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From Home Furnishing Business

Who's Cheating Whom

By: Bob George

When I began to think about this issue, I put on my nostalgia glasses and reflected on the past, the past of gallery programs, clean distribution, and manufacturers defined by a single product category or even a specific style.

It all seemed so straightforward heralding a simpler time. However, after talking with those who lived it, my memory realigned with reality, and I concluded it was not as perfect as I had remembered it to be.

Today, manufacturers are pursuing e-tailers they once sworn not to sell. Retailers are embarking on trips to the Far East and are encountering the manufacturers they will see in the near future at Market. And, don’t leave out consumers. After spending an afternoon in a local retailer’s showroom being educated on the features and benefits by an informed sales person, they are joyfully surfing the Internet to find a better price for goods. The question becomes—Is anyone loyal anymore?

Everyone makes excuses.

Manufacturers

·         E-tailers allow us to make a better margin.

·         Retailers take my product shots offshore and buy direct.

·         And so on. . . . .

 

Retailers

·         Why not go direct? The manufacturer doesn’t provide services anymore. Manufacturers’ representatives no longer train our sales associates.

·         Where is product photography when they have collateral? They don’t supply the images I need.

·         And so on. . . . .

 

Consumers

·         Why not buy on the Internet? It is convenient. Why pay for that store? They make too much profit.

·         They don’t sell the total look.

·         And so on. . . . .

 

Could it be that partnership is the answer? Sometimes the more you have to define it, the less likely it will succeed. The question becomes how do you define workable partnership for the furniture industry? Let’s look at this from three points of view.

Manufacturers believe they can conceive a product that consumers would really want. They also feel they can produce that product on a timely basis at a level of quality that the consumer anticipates.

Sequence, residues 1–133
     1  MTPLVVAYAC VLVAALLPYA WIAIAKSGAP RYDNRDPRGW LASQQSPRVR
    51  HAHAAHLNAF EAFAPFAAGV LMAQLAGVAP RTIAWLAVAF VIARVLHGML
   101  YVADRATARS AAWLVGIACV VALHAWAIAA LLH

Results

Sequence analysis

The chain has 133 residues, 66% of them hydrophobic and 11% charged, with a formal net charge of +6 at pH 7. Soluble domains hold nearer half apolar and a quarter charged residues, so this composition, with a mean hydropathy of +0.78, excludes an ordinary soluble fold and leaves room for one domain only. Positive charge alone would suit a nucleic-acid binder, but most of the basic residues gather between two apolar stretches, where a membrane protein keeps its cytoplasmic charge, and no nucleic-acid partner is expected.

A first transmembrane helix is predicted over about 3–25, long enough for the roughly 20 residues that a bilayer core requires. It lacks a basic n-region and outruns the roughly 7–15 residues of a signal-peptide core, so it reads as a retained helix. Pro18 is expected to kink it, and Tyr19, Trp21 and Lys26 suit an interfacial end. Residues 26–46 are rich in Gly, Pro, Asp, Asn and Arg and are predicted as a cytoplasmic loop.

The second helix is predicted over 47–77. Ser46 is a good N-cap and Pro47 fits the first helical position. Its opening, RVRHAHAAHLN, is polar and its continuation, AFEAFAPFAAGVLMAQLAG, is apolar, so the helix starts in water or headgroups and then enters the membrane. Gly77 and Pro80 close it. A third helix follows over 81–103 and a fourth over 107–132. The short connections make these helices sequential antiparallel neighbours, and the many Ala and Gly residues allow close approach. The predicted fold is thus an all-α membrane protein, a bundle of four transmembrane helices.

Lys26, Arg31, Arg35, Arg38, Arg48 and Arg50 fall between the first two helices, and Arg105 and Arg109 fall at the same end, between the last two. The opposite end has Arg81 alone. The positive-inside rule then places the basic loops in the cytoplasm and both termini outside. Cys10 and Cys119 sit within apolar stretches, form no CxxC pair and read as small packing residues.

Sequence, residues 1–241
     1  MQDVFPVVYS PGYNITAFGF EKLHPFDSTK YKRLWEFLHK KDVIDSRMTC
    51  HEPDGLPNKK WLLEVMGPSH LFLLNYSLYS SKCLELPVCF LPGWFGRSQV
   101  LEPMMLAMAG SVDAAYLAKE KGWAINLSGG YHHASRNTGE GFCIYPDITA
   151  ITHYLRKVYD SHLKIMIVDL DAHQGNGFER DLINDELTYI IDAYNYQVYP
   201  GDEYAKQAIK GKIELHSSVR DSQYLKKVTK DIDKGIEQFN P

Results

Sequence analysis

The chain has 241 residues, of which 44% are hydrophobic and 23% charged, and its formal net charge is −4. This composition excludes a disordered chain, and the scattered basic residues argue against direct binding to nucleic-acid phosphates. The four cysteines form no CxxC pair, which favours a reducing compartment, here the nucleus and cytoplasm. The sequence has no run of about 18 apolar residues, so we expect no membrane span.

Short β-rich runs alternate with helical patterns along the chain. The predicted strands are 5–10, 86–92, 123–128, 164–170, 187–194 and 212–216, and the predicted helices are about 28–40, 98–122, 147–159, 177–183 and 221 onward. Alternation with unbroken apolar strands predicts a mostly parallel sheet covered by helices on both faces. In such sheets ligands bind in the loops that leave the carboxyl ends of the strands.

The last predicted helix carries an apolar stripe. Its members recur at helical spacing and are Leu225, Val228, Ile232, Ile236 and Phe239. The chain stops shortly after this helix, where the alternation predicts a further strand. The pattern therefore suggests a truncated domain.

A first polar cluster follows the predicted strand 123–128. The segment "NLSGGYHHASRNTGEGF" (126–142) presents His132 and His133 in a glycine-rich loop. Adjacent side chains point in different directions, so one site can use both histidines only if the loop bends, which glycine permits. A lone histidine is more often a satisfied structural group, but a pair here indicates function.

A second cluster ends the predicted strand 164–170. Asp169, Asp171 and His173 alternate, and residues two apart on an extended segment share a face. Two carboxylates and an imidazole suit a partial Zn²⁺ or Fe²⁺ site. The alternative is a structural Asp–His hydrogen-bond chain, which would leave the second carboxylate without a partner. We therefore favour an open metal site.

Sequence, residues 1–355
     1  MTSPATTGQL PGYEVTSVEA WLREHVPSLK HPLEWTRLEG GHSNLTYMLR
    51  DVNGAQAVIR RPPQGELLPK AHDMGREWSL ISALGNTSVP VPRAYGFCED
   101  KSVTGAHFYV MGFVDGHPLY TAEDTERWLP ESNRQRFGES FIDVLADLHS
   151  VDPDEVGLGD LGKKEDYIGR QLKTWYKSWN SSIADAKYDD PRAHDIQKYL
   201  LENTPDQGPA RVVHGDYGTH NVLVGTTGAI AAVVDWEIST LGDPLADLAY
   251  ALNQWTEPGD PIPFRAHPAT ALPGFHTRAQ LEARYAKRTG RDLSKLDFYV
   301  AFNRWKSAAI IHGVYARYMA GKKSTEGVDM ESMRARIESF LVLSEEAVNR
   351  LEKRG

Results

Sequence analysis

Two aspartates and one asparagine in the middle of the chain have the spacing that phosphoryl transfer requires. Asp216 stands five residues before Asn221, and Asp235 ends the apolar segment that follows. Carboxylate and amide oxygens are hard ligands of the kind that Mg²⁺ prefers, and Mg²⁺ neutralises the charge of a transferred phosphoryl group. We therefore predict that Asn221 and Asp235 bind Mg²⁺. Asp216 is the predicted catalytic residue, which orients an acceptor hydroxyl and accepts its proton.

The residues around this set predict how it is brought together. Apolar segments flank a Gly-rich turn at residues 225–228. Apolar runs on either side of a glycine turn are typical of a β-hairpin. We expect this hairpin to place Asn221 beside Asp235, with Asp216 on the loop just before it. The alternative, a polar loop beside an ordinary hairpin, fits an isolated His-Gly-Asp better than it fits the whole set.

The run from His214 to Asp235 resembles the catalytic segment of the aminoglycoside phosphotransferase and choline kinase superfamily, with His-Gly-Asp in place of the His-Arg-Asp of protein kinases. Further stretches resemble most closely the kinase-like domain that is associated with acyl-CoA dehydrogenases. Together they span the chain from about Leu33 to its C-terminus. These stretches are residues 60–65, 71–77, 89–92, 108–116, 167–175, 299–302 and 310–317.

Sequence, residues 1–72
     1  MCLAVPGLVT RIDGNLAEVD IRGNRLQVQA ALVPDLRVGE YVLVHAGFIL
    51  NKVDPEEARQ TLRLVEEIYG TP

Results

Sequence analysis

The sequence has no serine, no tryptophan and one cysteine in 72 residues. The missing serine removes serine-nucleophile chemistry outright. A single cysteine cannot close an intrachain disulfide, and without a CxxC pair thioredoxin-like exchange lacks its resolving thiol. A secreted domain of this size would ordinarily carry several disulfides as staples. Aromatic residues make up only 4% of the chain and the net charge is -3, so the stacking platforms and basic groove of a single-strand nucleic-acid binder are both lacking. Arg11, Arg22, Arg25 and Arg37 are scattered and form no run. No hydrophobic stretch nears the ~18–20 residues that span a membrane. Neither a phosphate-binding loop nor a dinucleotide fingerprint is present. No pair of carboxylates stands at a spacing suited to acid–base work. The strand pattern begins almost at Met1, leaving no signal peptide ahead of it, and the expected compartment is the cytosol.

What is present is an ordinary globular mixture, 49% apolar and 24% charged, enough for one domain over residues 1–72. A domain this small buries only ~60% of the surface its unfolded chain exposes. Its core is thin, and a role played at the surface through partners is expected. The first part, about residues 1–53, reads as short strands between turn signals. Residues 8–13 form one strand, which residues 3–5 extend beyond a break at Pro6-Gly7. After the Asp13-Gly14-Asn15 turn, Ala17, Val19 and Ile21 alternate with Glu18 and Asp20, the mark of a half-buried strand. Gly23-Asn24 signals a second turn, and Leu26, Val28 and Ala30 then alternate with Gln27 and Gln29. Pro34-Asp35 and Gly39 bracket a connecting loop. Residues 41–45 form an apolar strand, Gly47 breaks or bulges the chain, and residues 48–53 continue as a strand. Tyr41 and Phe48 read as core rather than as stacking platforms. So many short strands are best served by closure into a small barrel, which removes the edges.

On the other hand, retailers believe consumers in their communities recognize the value that they as retailers can deliver at a level of service they expect. They also understand this purchase needs to be in an environment that makes the transaction a pleasant experience.

Consumers believe retailers should make a profit and also stand behind the products they sell. In addition, they expect the retailer to be a contributing member of the community and a supporter of the well being of society.

I know you’re asking to what utopia am I referring? The answer may be a version of utopia, because in reality the question becomes, how do we get each party to ‘own it’, to look at things from the other party’s perspective?

Or is it all over?

Many of traditional retailers and manufacturers competing are from distribution channels that do not have two distinct partners. In other words, the retailer is the manufacturer or the manufacturer is the retailer. As traditional retailers source more and more product offshore, will the channel just collapse? Who wins? Will our industry, perceived as low profit, emerge with this new structure?

What will we lose? I believe a great deal.

 



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